When Beyoncé posted a 15-second teaser trailer for Fifty Shades of Grey on her Instagram in July, fan reaction erupted right on cue, proving that pop music's reigning diva plus first-look footage of 2015's most tremulously awaited erotic drama equals a match made in viral heaven.
So by the time a full-length trailer for the film arrived on July 24featuring stars Dakota Johnson and Jamie Dornan in various stages of seduction (and undress), backed by a slowed-down torch-song version of Queen Bey's 2003 smash ''Crazy in Love''it trended worldwide almost instantly, paired with a tagline from the film's Twitter feed: ''The wait is over.''
Not quite. Though the trailer has gotten 90 million views on YouTube, the movie doesn't hit theaters until Feb. 14, 2015. But this kind of sustained marketing foreplay underscores a strategy increasingly employed by Hollywood. While teaser trailers are nothing new, a plug from Beyoncé is. A star like her can focus attention in our Age of Distraction and spread the word to millions of fans in mere secondsfans who then share it with their friends just as fast. Studios have learned how to use our social-media culture to their advantage to generate fevered buildup to their potential blockbusters, sometimes even a year or more in advance of the actual film.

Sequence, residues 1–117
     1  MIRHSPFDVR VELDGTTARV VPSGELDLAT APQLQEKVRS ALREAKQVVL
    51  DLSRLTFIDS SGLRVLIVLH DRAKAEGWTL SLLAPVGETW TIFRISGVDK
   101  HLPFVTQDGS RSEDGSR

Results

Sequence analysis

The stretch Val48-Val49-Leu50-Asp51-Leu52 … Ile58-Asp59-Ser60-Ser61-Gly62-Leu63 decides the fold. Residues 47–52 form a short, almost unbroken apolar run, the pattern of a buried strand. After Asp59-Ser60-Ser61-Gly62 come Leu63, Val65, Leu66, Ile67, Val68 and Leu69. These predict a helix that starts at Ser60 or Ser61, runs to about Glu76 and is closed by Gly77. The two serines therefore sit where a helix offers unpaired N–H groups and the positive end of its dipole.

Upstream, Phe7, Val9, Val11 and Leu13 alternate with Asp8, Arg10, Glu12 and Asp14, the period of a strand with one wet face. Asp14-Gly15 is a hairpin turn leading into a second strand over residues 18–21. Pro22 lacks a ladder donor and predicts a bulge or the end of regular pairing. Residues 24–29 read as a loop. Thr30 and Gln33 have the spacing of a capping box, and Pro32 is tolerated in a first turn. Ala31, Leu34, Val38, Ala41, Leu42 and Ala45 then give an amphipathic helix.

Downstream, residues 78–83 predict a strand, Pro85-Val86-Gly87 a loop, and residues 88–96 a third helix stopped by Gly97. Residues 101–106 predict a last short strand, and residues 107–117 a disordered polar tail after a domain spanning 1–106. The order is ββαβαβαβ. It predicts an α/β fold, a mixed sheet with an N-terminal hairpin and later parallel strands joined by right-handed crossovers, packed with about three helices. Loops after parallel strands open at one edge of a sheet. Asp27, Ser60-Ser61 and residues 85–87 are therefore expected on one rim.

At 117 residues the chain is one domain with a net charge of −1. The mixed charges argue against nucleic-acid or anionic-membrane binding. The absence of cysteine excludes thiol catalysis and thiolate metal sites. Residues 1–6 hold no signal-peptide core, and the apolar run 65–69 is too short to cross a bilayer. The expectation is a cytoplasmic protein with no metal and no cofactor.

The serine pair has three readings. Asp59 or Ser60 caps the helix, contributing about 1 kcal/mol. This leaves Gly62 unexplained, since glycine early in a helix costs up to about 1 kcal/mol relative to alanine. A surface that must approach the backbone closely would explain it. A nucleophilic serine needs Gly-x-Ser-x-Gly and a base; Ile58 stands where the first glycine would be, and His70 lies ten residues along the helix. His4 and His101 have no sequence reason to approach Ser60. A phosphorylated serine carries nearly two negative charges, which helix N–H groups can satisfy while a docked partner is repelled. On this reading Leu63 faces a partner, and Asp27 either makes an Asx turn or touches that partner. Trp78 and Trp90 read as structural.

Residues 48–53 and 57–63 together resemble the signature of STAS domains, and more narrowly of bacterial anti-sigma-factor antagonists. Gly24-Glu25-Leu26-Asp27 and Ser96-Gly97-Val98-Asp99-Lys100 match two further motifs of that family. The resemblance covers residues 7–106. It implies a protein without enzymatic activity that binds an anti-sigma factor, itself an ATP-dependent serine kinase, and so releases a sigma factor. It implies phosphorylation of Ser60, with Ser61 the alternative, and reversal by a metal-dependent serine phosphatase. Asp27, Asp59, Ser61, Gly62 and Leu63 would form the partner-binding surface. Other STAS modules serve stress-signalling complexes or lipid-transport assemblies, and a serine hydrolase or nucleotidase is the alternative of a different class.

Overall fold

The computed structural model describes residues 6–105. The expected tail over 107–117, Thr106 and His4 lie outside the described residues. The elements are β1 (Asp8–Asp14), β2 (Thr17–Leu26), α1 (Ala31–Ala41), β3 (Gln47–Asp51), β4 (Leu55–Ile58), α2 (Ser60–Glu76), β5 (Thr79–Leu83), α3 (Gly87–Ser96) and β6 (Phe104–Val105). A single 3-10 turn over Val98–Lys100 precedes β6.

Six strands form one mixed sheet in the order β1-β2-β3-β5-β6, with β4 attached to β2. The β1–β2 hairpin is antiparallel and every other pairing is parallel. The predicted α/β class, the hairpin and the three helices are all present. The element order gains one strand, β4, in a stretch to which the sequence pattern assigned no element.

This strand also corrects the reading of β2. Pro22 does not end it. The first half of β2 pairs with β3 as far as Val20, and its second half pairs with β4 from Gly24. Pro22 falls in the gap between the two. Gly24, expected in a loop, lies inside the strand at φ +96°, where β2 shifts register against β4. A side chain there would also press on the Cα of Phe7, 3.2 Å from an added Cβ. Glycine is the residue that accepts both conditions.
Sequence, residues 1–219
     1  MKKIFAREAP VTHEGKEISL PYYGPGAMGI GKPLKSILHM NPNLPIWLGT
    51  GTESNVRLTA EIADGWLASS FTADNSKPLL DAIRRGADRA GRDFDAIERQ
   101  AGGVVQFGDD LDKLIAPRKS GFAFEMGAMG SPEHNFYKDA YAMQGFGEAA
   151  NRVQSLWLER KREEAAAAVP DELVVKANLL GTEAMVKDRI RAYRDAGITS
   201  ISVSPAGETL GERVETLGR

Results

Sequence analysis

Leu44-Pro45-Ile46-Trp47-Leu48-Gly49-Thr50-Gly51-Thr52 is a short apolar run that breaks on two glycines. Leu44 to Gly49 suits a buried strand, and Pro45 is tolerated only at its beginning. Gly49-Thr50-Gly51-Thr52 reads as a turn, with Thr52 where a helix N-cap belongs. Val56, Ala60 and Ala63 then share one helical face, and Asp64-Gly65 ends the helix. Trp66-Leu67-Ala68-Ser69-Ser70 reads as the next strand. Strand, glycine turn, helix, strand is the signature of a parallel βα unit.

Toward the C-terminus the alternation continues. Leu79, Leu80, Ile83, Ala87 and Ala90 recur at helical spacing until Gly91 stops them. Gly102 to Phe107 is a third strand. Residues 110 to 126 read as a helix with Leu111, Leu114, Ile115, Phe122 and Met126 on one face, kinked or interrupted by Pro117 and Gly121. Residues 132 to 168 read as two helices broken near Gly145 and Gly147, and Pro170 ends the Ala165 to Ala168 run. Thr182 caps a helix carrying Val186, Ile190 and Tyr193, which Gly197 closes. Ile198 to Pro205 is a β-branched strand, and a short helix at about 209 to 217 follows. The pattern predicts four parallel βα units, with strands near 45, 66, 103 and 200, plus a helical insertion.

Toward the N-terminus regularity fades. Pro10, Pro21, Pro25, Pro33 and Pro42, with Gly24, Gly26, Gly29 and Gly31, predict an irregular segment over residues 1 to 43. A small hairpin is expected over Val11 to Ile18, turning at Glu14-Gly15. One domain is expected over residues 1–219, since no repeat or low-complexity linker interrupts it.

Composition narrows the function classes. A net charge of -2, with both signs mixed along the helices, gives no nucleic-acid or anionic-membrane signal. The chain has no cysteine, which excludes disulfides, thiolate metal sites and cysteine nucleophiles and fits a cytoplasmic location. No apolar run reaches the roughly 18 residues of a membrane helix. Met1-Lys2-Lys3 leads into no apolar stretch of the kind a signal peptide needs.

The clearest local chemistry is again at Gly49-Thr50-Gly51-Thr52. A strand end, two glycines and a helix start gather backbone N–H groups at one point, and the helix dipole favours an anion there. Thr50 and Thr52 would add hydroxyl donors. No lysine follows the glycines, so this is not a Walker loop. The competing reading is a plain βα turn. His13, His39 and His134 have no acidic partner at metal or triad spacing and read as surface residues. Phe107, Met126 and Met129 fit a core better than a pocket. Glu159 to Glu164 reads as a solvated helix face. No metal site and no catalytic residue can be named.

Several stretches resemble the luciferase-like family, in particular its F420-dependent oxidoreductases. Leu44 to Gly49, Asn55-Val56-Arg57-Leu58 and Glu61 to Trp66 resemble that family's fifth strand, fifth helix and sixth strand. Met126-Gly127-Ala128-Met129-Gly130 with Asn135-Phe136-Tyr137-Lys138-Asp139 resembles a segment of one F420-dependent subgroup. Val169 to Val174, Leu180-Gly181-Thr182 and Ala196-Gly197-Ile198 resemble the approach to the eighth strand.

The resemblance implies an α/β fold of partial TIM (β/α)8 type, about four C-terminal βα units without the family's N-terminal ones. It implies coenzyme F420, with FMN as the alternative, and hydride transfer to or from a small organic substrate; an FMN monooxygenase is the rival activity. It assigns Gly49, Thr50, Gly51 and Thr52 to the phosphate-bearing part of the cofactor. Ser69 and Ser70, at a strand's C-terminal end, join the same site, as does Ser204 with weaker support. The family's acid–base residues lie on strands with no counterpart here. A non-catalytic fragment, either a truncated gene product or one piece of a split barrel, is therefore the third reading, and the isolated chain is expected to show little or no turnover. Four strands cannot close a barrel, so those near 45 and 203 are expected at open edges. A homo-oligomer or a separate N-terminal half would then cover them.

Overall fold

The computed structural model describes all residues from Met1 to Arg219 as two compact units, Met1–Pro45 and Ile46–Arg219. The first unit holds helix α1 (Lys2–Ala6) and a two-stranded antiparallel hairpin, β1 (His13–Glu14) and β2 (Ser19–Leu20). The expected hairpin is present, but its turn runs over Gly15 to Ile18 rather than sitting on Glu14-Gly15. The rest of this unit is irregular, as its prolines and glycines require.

Exhibit A: Christopher Nolan's Interstellar will be released on Nov. 7, but late last year a cryptic teaser, which mainly showcases a string of historical vignettes and a rueful voice-over from Matthew McConaughey, began ratcheting up anticipation. Then in May, when a second promo clip with more than two minutes of actual footage from the movie started circulatingwhile still maintaining the plot's shroud of mysteryit was parsed with Da Vinci Code-like fervor by online pundits, perpetuating word-of-mouth buzz.
Meanwhile, a pair of teaser videos put out earlier this summer for The Hunger Games: MockingjayPart 1 use slick political-propaganda ''addresses'' featuring Donald Sutherland in his role as President Snow, footage that will not appear in the Nov. 21 sequel. The first conventional Mockingjay trailer finally ''premiered'' at San Diego Comic-Con on July 25 courtesy of a branding tie-in with Samsung, which presented the clip to conventioneers on the tech company's latest tablet.
According to a veteran movie-marketing strategist, the current teaser-trailer arms race reflects Hollywood's bid to break through to millennials where they already are: the fragmentary world of Twitter, Instagram, etc.
''Hollywood is simply co-opting the way young people communicate with themselves while also co-opting the people the public responds to,'' he says. ''You hire Beyoncé to do a song and have her tell people about a movie? It's the studios' attempt to remove the corporate onus. It's them saying, 'Let's let this be a groundswell from someone who's got cred.''' Crazy in cred, even.